The DENTALEZ name has been an industry standard for over 100 years. Over that time, we’ve remained steadfast in our quality, and innovative in our approach to solving everyday problems in dentistry.
We started by a walk through the history of our Star family of handpieces, and the various innovations that have led to them leading the industry for decades. Next, we focused on our customizable Forest line of dental equipment —patient chairs and accessories —and how those have changed in response to or in anticipation of needs in our market.
This month, we’re looking back to share the interesting evolution and surprising origins of our steadfast utility line.
We spoke with some of our longest-standing DENTALEZ employees, for an informal and informative storytelling that made it clear this product line has long been a family affair. Jeff Flesner, Tech Service Representative, led the history download, as he’s been with DENTALEZ for 18 years and worked with the Ramvac vacuum innovator Dr. Bob Meyer himself in the early 1970s! We also got great anecdotes from Marion Alderman, Customer Experience Manager, who has great memories of the early collaboration DENTALEZ is grounded in. Bill Paulson, Technical Service Manager, added the experience and perspective of his 40-plus years with DENTALEZ, and Beth Jones, current DENTALEZ Senior Product Manager, Utility, chimed in with her observations from today’s customer perspective.
Jeff, tell us how you met Dr. Bob and how the Ramvac Vacuum pump story started…
This starts with an Air Force officer by the name of Bob Meyer. He was stationed out here (here being Spearfish, South Dakota), and liked the area, so when he left the Air Force, he went to dental school in Lincoln, Nebraska, then moved back to the area to practice.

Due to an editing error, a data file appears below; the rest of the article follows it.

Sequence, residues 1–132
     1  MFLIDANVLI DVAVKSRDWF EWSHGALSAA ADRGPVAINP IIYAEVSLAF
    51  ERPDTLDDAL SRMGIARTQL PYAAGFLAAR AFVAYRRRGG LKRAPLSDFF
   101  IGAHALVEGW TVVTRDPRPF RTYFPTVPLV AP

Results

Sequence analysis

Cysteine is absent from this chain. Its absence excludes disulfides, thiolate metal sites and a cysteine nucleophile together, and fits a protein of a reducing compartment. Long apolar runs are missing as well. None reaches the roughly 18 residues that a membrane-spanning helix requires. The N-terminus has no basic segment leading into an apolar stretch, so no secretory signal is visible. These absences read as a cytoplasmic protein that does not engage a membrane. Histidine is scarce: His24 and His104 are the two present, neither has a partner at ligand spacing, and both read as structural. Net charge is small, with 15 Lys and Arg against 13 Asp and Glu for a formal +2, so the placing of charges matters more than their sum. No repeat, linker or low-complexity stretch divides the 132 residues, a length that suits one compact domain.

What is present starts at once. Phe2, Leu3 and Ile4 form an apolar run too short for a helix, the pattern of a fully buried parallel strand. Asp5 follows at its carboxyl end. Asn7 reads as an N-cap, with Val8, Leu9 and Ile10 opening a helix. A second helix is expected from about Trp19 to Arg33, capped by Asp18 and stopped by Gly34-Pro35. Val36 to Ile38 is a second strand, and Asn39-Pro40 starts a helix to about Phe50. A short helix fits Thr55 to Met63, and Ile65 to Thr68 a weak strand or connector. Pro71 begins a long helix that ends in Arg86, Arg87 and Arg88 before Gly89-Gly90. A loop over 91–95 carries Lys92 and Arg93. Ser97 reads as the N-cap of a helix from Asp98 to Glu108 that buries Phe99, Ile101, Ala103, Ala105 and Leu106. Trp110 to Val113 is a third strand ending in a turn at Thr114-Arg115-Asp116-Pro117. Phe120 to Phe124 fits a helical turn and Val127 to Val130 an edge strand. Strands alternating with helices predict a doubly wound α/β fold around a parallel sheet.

Bob is also a tinkerer. He didn’t like the existing vacuum system—he felt the use of water was wasteful, and that the suction the existing vacuum had wasn’t sufficient. While he’s doing the dental work, he also sets about creating a better vacuum. That’s how I first met him—he came into the auto parts store I was working in, in the 70s, looking for parts. The first vacuum he built, in 1972, is still down the street, functioning in his old office!
Bob practiced dentistry for about 13 years, and then he left the office to focus on the vacuum systems. He kept redesigning and improving them. He eventually expanded out of his garage, into a bigger building, and just continued to grow. As he expanded, he ultimately sold to DENTALEZ. Eventually, production shifted to Alabama, but we're still here as customer and tech service, because of course now you can do things remotely, so we were able to remain where we live.
Bill Paulson, (Technical Service Manager), interjects: Wait, you forgot to mention the fact that Doctor Bob would actually demonstrate the strength of the vacuum by lifting a bowling ball!